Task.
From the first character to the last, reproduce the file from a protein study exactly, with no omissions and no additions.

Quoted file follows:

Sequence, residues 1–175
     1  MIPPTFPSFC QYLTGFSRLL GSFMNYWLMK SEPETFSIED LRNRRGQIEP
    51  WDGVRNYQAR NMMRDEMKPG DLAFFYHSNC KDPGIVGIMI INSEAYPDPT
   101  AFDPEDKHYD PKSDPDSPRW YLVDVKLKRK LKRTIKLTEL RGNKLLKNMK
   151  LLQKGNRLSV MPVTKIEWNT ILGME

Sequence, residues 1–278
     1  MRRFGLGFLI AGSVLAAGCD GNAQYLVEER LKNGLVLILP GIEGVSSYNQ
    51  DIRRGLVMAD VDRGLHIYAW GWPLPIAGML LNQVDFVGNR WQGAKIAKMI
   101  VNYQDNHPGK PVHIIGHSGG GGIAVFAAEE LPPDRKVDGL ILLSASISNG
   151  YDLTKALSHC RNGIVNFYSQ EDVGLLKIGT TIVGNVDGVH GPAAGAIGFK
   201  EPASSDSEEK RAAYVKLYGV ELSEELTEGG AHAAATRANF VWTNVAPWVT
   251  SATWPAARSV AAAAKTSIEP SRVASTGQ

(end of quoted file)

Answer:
Sequence, residues 1–175
     1  MIPPTFPSFC QYLTGFSRLL GSFMNYWLMK SEPETFSIED LRNRRGQIEP
    51  WDGVRNYQAR NMMRDEMKPG DLAFFYHSNC KDPGIVGIMI INSEAYPDPT
   101  AFDPEDKHYD PKSDPDSPRW YLVDVKLKRK LKRTIKLTEL RGNKLLKNMK
   151  LLQKGNRLSV MPVTKIEWNT ILGME

Sequence, residues 1–278
     1  MRRFGLGFLI AGSVLAAGCD GNAQYLVEER LKNGLVLILP GIEGVSSYNQ
    51  DIRRGLVMAD VDRGLHIYAW GWPLPIAGML LNQVDFVGNR WQGAKIAKMI
   101  VNYQDNHPGK PVHIIGHSGG GGIAVFAAEE LPPDRKVDGL ILLSASISNG
   151  YDLTKALSHC RNGIVNFYSQ EDVGLLKIGT TIVGNVDGVH GPAAGAIGFK
   201  EPASSDSEEK RAAYVKLYGV ELSEELTEGG AHAAATRANF VWTNVAPWVT
   251  SATWPAARSV AAAAKTSIEP SRVASTGQ